Sierra Club Spotlights Projects That Help Keep Drinking Water Clean

On Nov. 17, the Sierra Club released its second annual "Guide to America's Best New Development," which features 10 ground-breaking projects that help keep drinking water clean. Better known for its efforts to combat sprawling construction, the organization is making the point that there is a better way to build and produce healthy and livable communities.

"Everyone deserves clean drinking water," said the Sierra Club's Executive Director Carl Pope. "That's why it is heartening to see developers taking action to protect our water. By implementing simple solutions to curb the huge amount of pollution generated by their projects, these cost-effective developments are helping create truly livable communities. Our hope is that Americans will look at these inventive projects and demand better clean-water practices as their own communities grow and develop."

The Sierra Club applauded a diverse set of projects taken on by developers, communities and local utilities. They involve solutions both big and small, from rain gardens and natural plantings in Seattle to a giant underground cistern at the University of North Carolina, Chapel Hill. By incorporating creative methods for managing polluted stormwater runoff, these projects help keep sewage, toxics and litter out of the water.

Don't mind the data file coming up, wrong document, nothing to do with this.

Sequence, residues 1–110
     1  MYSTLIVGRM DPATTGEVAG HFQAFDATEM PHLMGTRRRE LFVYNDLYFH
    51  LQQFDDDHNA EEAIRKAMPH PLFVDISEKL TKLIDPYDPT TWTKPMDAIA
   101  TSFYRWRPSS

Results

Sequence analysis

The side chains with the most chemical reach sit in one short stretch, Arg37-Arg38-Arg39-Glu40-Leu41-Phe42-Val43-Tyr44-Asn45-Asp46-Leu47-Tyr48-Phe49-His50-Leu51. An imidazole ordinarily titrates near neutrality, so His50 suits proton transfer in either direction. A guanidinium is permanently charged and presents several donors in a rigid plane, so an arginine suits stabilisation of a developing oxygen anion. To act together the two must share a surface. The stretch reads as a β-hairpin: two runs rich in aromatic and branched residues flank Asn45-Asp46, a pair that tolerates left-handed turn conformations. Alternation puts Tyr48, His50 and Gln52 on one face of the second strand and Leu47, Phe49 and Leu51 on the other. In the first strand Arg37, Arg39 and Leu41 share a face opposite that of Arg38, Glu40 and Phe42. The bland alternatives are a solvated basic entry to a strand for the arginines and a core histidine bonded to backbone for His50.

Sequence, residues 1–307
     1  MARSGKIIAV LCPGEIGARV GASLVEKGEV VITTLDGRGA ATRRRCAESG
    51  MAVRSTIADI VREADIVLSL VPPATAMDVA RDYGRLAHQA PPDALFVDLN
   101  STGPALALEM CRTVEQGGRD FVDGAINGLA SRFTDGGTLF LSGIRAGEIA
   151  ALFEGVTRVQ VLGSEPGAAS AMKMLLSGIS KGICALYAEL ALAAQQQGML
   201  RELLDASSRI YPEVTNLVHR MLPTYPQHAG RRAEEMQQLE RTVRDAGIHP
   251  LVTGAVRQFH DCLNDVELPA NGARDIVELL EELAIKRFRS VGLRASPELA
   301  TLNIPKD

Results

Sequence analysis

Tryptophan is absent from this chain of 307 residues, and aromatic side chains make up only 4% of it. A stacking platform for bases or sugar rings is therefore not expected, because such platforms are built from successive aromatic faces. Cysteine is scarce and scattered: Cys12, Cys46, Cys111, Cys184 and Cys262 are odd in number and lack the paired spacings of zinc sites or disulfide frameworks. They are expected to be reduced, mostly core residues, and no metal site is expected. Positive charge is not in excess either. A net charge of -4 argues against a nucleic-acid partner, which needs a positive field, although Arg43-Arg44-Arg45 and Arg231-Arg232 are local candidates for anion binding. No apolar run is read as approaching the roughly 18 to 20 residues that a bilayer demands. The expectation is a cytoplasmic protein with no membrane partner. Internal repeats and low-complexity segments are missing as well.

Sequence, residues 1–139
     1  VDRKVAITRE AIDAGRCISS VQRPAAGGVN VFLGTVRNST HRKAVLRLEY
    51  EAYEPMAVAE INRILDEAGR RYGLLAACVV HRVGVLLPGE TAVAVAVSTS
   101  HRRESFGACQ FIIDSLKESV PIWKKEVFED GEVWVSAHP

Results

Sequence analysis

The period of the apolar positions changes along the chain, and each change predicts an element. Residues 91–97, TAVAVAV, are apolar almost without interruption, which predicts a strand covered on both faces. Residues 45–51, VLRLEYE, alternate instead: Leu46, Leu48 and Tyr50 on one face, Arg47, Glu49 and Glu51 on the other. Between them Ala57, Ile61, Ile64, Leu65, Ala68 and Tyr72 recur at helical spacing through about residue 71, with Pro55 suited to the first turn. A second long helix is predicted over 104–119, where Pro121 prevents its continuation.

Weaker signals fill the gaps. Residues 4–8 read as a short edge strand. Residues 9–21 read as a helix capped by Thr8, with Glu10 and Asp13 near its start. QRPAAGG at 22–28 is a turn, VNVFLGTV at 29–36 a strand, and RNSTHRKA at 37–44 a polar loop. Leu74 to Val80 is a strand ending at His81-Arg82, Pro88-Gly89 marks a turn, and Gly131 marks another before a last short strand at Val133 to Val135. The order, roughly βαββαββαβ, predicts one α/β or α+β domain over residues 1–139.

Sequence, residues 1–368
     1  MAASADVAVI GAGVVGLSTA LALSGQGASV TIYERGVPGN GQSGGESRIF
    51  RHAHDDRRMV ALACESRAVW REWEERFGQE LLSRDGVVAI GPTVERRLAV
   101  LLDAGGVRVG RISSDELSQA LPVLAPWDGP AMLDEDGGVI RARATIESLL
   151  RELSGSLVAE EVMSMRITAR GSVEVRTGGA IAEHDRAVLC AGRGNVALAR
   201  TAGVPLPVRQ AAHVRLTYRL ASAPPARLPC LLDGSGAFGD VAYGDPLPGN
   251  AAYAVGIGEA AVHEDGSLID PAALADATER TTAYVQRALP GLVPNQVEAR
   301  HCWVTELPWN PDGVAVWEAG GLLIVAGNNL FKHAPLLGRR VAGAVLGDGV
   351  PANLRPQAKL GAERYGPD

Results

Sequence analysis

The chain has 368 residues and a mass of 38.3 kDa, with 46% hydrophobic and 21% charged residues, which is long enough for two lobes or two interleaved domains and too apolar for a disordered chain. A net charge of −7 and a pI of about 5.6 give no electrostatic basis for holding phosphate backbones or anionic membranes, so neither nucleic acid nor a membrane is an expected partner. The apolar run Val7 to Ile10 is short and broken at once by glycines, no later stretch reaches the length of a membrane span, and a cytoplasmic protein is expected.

Polluted runoff and sewage overflows are the largest sources of water pollution and growing threats to the health of the nation's water, Sierra Club officials stated. In choosing projects to be recognized with this year's top development honors, the organization looked for simple, but highly effective solutions that help keep untreated and poorly treated sewage and toxic urban runoff out of drinking water sources. All of the projects highlighted in the report use simple solutions that can be easily replicated across the country and that have been proven to help keep waterways clean by reducing the volume and impact of stormwater runoff.

"The most important factor in all of these projects is that the designers looked at stormwater as a resource, not a waste product," said Sierra Club development analyst Eric Olson.

Profiles of the winning projects can be viewed at

This article originally appeared in the 11/01/2006 issue of Environmental Protection.

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